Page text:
One question people often ask is, How much maintenance is needed? There are as many answers to this question as there are facilities. One of the issues to consider is how much are you willing to pay? If you had an unlimited budget and all the resources you could use, everything would be in like-new condition and unscheduled outages would be almost non-existent. However, that isn’t how companies are run, so there are limits to what you can do.

Just as there are as many answers to that question as there are facilities, there are also just as many opinions as to which answer is right. Over the years the electric utilities have set the pace for most maintenance intervals because they owned the majority of equipment and had a lot of expertise on staff. However, in the past they had large O&M budgets and their primary focus was to ensure reliability to keep the Public Utilities Commission off their backs. This has changed with the evolving utility deregulation markets. They are being forced to behave like industrials, where reliability may not be the primary focus, but yet must still be balanced against cost in order to stay competitive.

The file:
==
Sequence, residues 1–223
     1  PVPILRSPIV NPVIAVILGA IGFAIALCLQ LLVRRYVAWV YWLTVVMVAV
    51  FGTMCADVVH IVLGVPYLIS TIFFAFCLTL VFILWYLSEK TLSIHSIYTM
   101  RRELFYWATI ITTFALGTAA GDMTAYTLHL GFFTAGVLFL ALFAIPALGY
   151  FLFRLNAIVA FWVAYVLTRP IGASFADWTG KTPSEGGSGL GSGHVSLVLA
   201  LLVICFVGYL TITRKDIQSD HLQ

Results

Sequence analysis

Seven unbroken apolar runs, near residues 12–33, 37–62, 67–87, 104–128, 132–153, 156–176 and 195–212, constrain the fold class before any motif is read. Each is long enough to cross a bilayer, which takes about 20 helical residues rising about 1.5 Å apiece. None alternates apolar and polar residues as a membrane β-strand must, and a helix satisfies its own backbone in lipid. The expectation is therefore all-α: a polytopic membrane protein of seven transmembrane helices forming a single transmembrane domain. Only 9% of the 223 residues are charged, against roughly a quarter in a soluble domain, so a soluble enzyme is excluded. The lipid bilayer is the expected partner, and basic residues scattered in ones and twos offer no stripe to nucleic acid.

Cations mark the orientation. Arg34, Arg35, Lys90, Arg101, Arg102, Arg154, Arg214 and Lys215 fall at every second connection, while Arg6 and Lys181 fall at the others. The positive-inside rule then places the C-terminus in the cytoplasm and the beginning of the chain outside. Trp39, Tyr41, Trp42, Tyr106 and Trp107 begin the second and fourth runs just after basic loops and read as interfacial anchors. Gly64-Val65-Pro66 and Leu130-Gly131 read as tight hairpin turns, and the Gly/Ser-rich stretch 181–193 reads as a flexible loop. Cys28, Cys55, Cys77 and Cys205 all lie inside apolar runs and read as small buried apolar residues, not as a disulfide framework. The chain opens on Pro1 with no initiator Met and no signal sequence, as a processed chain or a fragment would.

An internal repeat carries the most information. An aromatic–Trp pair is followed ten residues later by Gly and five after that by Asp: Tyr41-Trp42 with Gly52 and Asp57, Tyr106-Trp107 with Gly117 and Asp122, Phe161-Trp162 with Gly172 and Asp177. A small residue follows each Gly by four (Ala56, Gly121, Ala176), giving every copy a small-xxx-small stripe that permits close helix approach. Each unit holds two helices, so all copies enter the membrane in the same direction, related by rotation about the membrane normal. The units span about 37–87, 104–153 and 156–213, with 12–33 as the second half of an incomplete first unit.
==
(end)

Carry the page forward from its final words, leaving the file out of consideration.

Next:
Several years ago, before deregulation was a twinkle in any legislator’s eye, Cleveland Electric Illuminating Co. conducted a study on maintenance costs compared with frequency. Fig. 1, which is reproduced from that study, shows the relationship between maintenance intervals and cost. If you’re starting a maintenance program from scratch, the initial costs are high due to the test equipment and tools needed. Once the program is operational, that cost stabilizes and becomes much less of a factor.

The study, which was conducted years ago, found that if maintenance programs are planned out properly and performed at the correct intervals, a preventive maintenance (PM) program can save a company as much as $5 for every dollar invested. The problem is this money comes from losses that don’t occur; breakdowns, overtime, loss of production and purchasing replacement equipment at premium prices. It often isn’t an item that can be pointed out to the accounting department.

Photo 1 shows what’s left of a medium-voltage air breaker that failed to clear a fault (restrike). The apparatus quickly cascaded into total meltdown.